Although Leonid has told me otherwise, what assurances do I have that I will be getting 25Mbps as stated in the Coalition's policies.

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Join the club strifus, I also pay the same and am currently getting 2.7/832.

 

Leonid is wrong, wrong, wrong. The Coalition cannot guarantee 25Mbit no matter what they claim as the speed is dependant on the copper length and quality, and despite Leonid repeatedly claiming the copper overall is on good condition he actually has no idea. If it was in such good nick then sites like Whirlpool would not be full of complaints about phone and ADSL problems and Telstra would not be spending approx one billiona year on repairs.

This is an issue NBNCo have come up against with just duct access, having to wait for Telstra to re-mediate the ducts before they can even run the fibre through it. If the ducts are broken and clogged then the enclosed copper must be in pretty crap condition too.

 

All the Coalition can do is say you will get 25Mbit according to the Telstra records, which are based around line length and thickness and do not use any actual real world tests. If you get less than 25Mbit then stiff shit.

We also have the issue that their plan does nothing for upload speeds, something that is becoming more and more of an issue as people move to cloud services, online backup and file sharing. I am even getting quite "n00bish" users complaining about how long it takes to upload the family pics or videos to online sites for the scattered family to see.

That has been one big noticeable difference with the fibre connections I have helped people set up. The most common comment is how fast they users can send emails with attachments or upload pics and vids to the likes of Photobucket etc.

 

New Zealand discovered how good FTTN was and have since canned that rollout and moved to an FTTH rollout.

British Telecom has also discovered this

http://delimiter.com.au/2013/03/11/corrosi...-bt-fttn-speed/

http://delimiter.com.au/2012/04/30/fttn-a-...says-ex-bt-cto/

 

The Coalitions plan also does not appear to include the much higher cost of running all these powered nodes that will be needed. A cost that will have to be born by the consumer in access charges and their best guess time to build does not seem to include the time needed to renegotiate with Telstra to buy the existing copper, changes to the regulatory environment nor the time to go through the whole redesign and equipment sourcing process.

 

If the Coalition is thinking of using VDSL or similar to get higher speeds then the nodes will have to be closer together to give people those speeds (200 metres max line length). If VDSL2 then the nodes have to be closer again, or you need to bond 2 or more copper pairs and in either case the copper had better be in perfect condition.

In all cases FTTN will only provide up to speeds, so unless you are lucky enough to be close to a node on good copper you still won't get the speed you pay for. Lovely eh?

Lastly FTTN/copper based comms is old tech and has just about run out of development, whereas fibre currently has no foreseeable speed limit to it. Heck NBNCo have just announced that gigabit will be available soon

http://www.nbnco.com.au/about-us/media/new...bit-nation.html All it requires for this to happen is a firmware upgrade or new ONT (depending on model of ONT currently fitted) and of course for the RSP to provide sufficient backhaul. At the consumer end you will need an almighty powerful router though, no idea on the price of them.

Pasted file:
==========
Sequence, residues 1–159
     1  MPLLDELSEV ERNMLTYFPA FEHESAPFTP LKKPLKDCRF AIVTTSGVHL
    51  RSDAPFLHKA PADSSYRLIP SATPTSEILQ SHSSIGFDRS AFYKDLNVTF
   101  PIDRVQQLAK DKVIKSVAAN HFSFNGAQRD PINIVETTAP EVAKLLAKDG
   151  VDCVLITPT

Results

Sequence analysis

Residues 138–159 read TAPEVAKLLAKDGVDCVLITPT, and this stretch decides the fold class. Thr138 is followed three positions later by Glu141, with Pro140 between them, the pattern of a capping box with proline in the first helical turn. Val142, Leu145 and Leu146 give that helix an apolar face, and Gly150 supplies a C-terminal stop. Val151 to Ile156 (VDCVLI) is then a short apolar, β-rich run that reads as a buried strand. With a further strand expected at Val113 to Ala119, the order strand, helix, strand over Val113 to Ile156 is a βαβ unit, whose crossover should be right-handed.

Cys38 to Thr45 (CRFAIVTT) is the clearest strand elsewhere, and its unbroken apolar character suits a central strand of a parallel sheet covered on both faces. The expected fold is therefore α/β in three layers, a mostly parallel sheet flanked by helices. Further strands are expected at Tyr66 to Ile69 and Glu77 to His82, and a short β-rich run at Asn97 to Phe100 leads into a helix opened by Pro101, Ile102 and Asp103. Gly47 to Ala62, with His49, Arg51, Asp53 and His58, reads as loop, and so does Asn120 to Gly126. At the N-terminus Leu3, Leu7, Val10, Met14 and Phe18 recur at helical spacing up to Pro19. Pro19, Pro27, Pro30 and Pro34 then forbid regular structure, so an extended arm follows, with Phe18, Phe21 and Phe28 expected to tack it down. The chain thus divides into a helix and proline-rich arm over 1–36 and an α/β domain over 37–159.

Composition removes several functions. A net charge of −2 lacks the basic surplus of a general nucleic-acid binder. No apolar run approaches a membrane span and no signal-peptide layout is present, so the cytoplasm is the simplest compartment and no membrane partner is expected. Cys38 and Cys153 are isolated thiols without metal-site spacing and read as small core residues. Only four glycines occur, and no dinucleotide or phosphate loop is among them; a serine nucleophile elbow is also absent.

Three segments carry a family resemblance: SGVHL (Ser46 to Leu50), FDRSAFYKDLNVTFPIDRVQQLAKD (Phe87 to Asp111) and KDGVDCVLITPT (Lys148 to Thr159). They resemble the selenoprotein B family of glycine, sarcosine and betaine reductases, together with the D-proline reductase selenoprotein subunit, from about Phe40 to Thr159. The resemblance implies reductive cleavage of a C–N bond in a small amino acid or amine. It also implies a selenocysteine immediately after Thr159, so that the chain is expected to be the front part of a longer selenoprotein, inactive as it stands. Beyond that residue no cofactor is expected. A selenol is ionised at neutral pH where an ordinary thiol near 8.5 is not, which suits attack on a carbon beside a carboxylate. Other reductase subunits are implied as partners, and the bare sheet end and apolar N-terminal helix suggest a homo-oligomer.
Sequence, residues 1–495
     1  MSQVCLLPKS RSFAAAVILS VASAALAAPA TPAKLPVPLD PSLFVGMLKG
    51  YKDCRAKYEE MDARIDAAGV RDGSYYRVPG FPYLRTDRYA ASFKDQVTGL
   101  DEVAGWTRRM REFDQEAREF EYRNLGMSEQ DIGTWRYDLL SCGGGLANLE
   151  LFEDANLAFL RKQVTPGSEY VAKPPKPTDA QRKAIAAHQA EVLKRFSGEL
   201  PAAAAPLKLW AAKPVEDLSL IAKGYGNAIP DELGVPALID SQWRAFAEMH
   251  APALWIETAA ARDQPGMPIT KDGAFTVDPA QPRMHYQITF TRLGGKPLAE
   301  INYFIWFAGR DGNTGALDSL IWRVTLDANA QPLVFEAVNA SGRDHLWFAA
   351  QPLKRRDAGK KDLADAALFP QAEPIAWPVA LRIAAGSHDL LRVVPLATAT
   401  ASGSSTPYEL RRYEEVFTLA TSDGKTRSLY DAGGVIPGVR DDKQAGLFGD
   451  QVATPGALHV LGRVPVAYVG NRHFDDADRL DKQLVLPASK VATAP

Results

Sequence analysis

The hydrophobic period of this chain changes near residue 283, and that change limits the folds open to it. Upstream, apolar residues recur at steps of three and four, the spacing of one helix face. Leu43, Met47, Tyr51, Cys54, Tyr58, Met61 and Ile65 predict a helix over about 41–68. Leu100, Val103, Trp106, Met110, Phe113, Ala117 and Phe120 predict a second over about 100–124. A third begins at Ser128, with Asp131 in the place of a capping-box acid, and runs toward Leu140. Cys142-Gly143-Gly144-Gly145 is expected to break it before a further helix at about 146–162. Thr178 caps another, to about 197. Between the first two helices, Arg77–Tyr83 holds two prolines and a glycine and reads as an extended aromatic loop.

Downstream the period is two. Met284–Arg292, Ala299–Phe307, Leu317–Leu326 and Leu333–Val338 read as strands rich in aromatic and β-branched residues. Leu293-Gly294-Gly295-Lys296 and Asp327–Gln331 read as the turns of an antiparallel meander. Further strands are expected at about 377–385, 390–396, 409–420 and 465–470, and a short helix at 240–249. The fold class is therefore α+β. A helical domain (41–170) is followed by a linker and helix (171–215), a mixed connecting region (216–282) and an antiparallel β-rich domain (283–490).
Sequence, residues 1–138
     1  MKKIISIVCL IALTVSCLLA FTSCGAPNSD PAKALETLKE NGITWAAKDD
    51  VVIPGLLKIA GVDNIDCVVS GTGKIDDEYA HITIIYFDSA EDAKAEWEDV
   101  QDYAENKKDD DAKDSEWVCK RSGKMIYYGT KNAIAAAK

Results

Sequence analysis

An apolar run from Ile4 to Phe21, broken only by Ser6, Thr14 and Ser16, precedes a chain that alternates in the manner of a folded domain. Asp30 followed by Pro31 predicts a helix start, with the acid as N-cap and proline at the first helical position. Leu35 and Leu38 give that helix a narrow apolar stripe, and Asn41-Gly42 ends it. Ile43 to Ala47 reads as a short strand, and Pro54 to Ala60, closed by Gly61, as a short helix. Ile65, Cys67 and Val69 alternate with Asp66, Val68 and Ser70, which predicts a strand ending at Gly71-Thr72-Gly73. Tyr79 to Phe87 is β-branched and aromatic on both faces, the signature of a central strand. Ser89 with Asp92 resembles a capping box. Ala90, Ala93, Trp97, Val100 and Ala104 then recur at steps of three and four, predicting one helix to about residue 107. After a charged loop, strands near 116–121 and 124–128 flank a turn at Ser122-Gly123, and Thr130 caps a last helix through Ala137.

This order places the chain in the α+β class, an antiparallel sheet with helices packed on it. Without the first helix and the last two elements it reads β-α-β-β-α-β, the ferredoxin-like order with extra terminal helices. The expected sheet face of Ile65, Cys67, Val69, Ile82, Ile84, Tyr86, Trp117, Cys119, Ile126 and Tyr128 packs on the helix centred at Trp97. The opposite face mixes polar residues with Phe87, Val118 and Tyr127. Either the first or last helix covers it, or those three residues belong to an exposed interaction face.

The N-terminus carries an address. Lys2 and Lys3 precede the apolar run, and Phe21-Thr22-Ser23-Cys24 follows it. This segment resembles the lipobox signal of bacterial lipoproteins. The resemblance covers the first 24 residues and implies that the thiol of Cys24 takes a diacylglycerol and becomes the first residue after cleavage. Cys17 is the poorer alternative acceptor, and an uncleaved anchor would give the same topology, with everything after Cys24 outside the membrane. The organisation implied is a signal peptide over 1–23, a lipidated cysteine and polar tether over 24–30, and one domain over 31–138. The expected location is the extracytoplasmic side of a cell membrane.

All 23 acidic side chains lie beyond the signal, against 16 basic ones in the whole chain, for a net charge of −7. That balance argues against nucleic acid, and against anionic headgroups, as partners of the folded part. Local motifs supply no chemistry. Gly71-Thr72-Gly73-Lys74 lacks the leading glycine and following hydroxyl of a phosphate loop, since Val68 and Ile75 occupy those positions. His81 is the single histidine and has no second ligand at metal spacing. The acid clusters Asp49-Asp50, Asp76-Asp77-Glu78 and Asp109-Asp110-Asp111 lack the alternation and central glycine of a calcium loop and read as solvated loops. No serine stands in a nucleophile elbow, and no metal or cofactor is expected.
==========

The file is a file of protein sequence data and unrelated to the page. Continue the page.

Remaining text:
According to the report-to-parliamentary-joint-committee April 2013

http://www.google.com.au/url?sa=t&rct=...dGI&cad=rja

 

take up rates are currently running at

12/1 39%

25/5 24%

25/10 1% (only offered by a couple of RSPs)

50/20 5%

100/40 31%

So it seems that at nearly 1/3 of those currently using FTTH want the fastest speeds currently available.

Takeup rates are also mostly damn good with some areas being over 50% already. So again it seems people want it.

http://www.itnews.com.au/News/340663,nbn-c...he-numbers.aspx

 

The Coalition and people like Leonid also calim that people don't even need the speeds that NBNCo currently provide. Well apparently consumers disagree

I doubt you where getting 1.5mbps up as ADSL2+ maxes out at 1Mbps, unless you where using annex M which provides for higher up speeds at the expense of download speeds. Annex M is only available from select ISPs and only on their own DSLAMs, and you have to request the change.

Edited by aliali

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Seems to me, living in the country, FTTN is going to be a gigantic waste of time, and money.

 

Only have a Telstra node serving the area, and we have to pay insane prices for that anyway.. My only hope is really getting NBN, which should reduce costs.

 

I also highly doubt we'd have multiple nodes here, probably only one in the center of town, at the outskirts of town cannot get ADSL, at ALL at the moment (has been this way for many years).

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Unless you've seen something to say your town is getting fibre under the current NBN, then either NBN is likely to deal with that town - if only the outskirts - with wireless.

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Unless you've seen something to say your town is getting fibre under the current NBN, then either NBN is likely to deal with that town - if only the outskirts - with wireless.

Well in my case it is wireless but then I am 10Km outside the fibre coverage.

:P

Me I am wishing they would hurry up and build the wireless tower for my area as then I can go on a 25/5 NBN wireless plan and get that speed instead of paying for an ADSL 2+ plan and only getting 2.7Mbit, where other people paying the same as me can get 18 or 20Mbit.

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:)

 

I really do fail to understand anyone who wants to hang on to copper.

 

Fibre simply runs rings around it in every regard except end equipment cost and that is still coming down.

 

Not going to repeat what I posted in the thread where Leo was still enthused about how wonderful the CAN is, but I would not mind some of what he was smoking at the time :)

 

Cheers